30 December 2018

What's Your Yes?

What’s Your Yes?
by Troy Cady

This past year our church made a deliberate choice to do less and to encourage our members to do less. Our year-long goal was to “create margin.”

I am convinced that busyness is one of the biggest impediments to a life well-lived. Learning to say “no” to the innumerable opportunities and demands that come our way is an important skill to develop, but it is hard to practice.

Our culture values “movers and shakers,” those who seem to have an endless amount of energy, and a limitless supply of new, exciting projects to pursue. We esteem those who get a lot done.

Just listen to how we introduce keynote speakers at special events to observe this phenomenon. We describe them in terms of their accomplishments. The longer the list, the higher the praise.

But what a person has done, however many degrees they’ve obtained, and what kinds of honors they’ve received can only tell you so much about the real person underneath all that activity. Who are they when they stop? Are they able to stop and just be present to themselves? Are they able to be present to others apart from the work that drives them, the purposes they are compelled to fulfill?  

I’d wager most of us would be under-whelmed by someone who told us that their resolution for next year is to slow down and rest more. Many would wonder, “Okay, fine: but what do you want to accomplish? What goals do you have that will help you really make a mark? What’s the next big thing for you?”

The problem is: if we keep living this way—just doing, doing, doing all the time—we can easily miss what’s most important right beside us. The most meaningful relationships we have are those that require a whole lot of wasteful time—time spent not to get something out of the other person or to change them as if they are a project of our choosing, but time spent just to be with them, to enjoy them, to be yourself with them. We need lots of no-agenda time, sharing thoughts, feelings, and stories that don’t have to get us anywhere in particular—except, perhaps, to a new place of togetherness, plain and simple.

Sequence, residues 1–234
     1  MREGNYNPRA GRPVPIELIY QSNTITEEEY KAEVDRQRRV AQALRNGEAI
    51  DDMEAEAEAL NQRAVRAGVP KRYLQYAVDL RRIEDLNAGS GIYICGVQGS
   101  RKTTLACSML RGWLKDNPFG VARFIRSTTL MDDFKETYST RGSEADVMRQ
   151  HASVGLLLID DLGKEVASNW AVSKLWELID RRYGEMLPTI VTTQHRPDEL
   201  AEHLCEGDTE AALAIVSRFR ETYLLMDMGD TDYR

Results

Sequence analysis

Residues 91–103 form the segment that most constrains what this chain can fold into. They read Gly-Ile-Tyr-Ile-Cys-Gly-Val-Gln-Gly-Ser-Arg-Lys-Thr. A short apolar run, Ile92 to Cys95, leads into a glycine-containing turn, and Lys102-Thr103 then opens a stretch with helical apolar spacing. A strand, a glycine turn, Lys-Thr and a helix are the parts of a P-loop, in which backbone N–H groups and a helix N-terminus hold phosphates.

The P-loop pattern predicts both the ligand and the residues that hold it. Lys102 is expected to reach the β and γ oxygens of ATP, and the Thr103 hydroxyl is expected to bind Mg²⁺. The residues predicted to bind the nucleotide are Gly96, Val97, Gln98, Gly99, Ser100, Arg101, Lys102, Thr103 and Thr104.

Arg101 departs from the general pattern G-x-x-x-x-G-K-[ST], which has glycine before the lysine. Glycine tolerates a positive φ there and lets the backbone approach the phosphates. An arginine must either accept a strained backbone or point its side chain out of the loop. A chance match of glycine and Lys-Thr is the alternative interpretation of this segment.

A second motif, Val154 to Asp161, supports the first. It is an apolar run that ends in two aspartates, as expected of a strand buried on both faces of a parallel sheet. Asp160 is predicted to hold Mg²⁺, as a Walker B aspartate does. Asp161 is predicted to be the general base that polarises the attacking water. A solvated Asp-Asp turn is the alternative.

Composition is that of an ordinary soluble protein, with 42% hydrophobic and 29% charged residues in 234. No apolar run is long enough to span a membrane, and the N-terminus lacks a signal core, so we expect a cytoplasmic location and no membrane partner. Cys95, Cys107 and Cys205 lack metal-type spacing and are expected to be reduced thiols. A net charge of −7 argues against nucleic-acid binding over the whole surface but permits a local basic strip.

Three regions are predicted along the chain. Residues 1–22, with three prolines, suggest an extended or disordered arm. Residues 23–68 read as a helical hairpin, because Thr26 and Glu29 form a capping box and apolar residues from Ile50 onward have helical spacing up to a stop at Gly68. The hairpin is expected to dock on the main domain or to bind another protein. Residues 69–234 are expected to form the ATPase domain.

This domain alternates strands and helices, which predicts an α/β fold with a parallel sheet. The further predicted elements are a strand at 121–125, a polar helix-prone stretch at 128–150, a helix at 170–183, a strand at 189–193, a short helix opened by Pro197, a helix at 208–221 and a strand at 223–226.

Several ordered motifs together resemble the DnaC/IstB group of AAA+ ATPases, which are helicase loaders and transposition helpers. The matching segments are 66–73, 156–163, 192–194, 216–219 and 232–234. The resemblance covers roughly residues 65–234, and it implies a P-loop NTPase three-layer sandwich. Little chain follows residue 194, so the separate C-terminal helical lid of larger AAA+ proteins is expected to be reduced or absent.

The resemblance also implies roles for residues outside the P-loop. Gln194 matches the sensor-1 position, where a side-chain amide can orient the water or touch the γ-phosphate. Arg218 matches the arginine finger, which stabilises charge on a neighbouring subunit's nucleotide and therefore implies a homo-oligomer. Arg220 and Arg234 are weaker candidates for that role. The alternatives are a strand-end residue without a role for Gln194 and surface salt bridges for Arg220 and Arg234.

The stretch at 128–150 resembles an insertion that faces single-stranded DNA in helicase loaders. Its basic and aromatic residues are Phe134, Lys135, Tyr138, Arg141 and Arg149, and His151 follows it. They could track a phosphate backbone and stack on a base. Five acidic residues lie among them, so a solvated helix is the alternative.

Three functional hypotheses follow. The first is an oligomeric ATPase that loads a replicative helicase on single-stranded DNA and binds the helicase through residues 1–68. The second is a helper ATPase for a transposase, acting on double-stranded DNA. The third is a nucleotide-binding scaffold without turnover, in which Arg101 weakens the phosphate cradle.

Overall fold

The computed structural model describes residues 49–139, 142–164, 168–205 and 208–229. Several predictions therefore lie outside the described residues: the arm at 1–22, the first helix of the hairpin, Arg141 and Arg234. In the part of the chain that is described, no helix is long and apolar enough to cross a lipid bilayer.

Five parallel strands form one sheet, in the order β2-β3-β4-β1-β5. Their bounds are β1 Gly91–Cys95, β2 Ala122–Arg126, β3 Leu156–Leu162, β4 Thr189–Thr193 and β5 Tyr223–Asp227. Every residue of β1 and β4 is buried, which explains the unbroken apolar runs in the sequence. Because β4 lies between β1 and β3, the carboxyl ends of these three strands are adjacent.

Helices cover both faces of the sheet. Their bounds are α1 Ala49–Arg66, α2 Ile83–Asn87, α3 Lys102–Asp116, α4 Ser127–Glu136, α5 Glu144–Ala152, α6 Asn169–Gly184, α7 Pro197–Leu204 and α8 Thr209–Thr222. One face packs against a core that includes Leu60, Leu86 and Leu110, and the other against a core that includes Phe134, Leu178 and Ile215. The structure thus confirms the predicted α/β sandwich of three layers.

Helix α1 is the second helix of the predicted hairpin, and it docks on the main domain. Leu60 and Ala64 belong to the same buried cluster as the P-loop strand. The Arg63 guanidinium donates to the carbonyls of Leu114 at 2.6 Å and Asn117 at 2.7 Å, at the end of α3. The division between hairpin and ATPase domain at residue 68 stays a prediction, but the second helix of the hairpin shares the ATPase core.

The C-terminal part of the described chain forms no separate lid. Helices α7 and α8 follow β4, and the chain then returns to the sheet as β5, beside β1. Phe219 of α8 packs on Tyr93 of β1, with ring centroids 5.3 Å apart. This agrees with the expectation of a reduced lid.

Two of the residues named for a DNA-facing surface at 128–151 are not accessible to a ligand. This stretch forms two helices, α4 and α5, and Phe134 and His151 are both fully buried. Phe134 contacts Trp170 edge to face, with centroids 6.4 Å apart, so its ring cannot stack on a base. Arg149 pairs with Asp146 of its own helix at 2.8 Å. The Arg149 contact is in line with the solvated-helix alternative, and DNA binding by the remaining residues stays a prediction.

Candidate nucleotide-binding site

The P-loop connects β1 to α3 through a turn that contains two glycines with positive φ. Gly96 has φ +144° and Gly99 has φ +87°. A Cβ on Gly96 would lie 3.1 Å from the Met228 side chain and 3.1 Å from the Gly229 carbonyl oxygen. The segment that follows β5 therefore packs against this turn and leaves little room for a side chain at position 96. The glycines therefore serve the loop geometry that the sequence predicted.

At my church, we call this “a ministry of presence.” It’s a way of living that values just being together, listening and sharing, eating together, playing together, wasting time with each other just for the sake of friendship.

Photo by Jon Tyson on Unsplash
Grace is not a task. Peace cannot be forced. The things that matter most in life lie well beyond our strategic plans. At the end of it all, we will wonder most whether we loved well, not whether we accomplished enough.

As many of you reading this may be considering what resolution you might like to make this year to improve yourself, may I commend to you the simple practice of “creating margin” in your life so you can just be present to those right beside you each day? Do less to be more.

And, if this idea sounds like something you’d like to try, may I also mention one thing I learned this past year that could potentially be a help to you? I observed that many people, myself included, tend to think of creating margin as simply “saying no.”

But creating margin is more about your “yes” than your “no.” If what you are saying “yes” to is really important, the nos take care of themselves. The yes that is a full yes fills both your heart and your calendar. It becomes easier to say no when you know what your yes is.

I wonder: what’s your yes this year?


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